Britons unconvinced on evolution
By BBC NEWS
Added: Mon, 22 Jan 2007 00:00:00 UTC
Thanks to Ole for the link.
Just under half of Britons accept the theory of evolution as the best description for the development of life, according to an opinion poll.
Furthermore, more than 40% of those questioned believe that creationism or intelligent design (ID) should be taught in school science lessons.
The survey was conducted by Ipsos MORI for the BBC's Horizon series.
Its latest programme, A War on Science, looks into the attempt to introduce ID into science classes in the US.
Over 2,000 participants took part in the survey, and were asked what best described their view of the origin and development of life:
- 22% chose creationism
- 17% opted for intelligent design
- 48% selected evolution theory
- and the rest did not know.
Andrew Cohen, editor of Horizon, commented: "I think that this poll represents our first introduction to the British public's views on this issue.
"Most people would have expected the public to go for evolution theory, but it seems there are lots of people who appear to believe in an alternative theory for life's origins."
When given a choice of three descriptions for the development of life on Earth, people were asked which one or ones they would like to see taught in science lessons in British schools:
- 44% said creationism should be included
- 41% intelligent design
- 69% wanted evolution as part of the science curriculum.
"This really says something about the role of science education in this country and begs us to question how we are teaching evolutionary theory," Andrew Cohen added.
The findings prompted surprise from the scientific community. Lord Martin Rees, President of the Royal Society, said: "It is surprising that many should still be sceptical of Darwinian evolution. Darwin proposed his theory nearly 150 years ago, and it is now supported by an immense weight of evidence.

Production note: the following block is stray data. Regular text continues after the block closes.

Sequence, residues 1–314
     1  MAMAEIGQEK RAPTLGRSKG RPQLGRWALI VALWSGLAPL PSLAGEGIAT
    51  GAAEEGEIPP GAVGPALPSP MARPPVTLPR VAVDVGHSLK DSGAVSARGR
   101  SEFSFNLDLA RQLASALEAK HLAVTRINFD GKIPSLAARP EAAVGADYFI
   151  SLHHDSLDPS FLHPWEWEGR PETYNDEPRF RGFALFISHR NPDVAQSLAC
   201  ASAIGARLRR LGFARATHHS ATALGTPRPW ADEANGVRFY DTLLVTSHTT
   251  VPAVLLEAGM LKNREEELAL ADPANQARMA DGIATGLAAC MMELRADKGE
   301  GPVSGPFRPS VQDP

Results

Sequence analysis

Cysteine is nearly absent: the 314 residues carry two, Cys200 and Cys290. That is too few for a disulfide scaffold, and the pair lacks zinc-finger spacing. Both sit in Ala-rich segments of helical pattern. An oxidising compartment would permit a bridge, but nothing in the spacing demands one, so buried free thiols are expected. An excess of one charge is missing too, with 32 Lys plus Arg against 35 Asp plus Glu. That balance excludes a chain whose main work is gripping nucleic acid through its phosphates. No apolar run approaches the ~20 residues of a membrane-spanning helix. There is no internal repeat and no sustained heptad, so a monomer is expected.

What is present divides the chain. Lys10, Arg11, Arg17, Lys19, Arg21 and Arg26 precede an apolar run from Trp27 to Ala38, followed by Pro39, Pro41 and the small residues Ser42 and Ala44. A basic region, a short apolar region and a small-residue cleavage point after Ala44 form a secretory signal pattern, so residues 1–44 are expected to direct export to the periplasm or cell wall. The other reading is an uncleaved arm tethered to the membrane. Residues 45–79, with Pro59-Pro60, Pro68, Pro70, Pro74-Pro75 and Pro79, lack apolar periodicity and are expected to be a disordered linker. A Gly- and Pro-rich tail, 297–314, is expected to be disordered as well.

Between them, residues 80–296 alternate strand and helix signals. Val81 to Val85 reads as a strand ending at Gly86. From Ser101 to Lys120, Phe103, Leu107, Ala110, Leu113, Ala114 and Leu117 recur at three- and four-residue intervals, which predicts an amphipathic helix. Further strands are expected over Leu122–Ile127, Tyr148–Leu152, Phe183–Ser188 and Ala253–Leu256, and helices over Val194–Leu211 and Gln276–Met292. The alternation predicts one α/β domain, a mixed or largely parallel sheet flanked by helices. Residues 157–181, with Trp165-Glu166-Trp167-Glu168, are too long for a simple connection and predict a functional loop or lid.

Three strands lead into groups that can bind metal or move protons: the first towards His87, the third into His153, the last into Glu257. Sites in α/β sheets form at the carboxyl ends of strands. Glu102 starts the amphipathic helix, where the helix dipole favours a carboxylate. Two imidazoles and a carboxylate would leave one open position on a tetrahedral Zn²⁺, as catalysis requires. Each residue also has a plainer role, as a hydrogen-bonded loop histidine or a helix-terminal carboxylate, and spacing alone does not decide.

"We are, however, fortunate compared to the US in that no major segment of UK religious or cultural life opposes the inclusion of evolution in the school science curriculum."
In the US, a recent high profile court case ruled that the intelligent design movement is motivated by a desire to introduce God into the classroom.
This came after parents in Pennsylvania took a school board to court for demanding that biology classes should not teach evolution as fact.
Horizon: A War on Science was broadcast on BBC Two at 2100GMT on Thursday, 26 January 2006
David Catchpoole - Creation... Comments
Neutrality is impossible in the creation/evolution debate
Zack Kopplin - Repealing the... Comments
Stop Governor Jindal’s Creationist Voucher Program Before Governor Romney Takes it Nationwide
Adam Rutherford - New Humanist Comments
A recognised creationist tactic involves scoring minor victories against the teaching of evolution, and recent controversies over free schools and the Giant’s Causeway suggest it is succeeding in the UK. It’s time the strategy was exposed
- - British Humanist Association Comments
Free School due to open in September 2012 will ‘teach creation as a scientific theory’
- - UTV Comments
An exhibit in the new Giants' Causeway Visitors' Centre acknowledges the creationist view of how the world-famous stones were formed.
Katha Pollitt - The Nation Comments
The worst thing about the recent Gallup poll on evolution is that the proportion of college graduates who are creationists is exactly the same as for the general public.
MORE BY BBC NEWS
BBC News - BBC News website 30 Comments
Letters from 1966 between the then Archbishop of Canterbury and a bishop show the Church agreed that a convicted paedophile should be ordained
BBC News - BBC news website 89 Comments
Mr Bhatti, the cabinet's only Christian minister, had received death threats for urging reform to blasphemy laws.
BBC News - BBC News website 98 Comments
In his World Communications Address on 24 January, [the pope] said it was not a sin to use social networking sites
BBC News - BBC News website 28 Comments
The Vatican's centuries-old secrecy over the way it handles its money will no longer be an excuse to avoid its obligations under international and Italian criminal law to combat money-laundering operations by third parties, says the BBC's David Willey in Rome.
BBC News - BBC News website 95 Comments
The Pope gives the example of the use of condoms by prostitutes as "a first step towards moralisation", even though condoms are "not really the way to deal with the evil of HIV infection".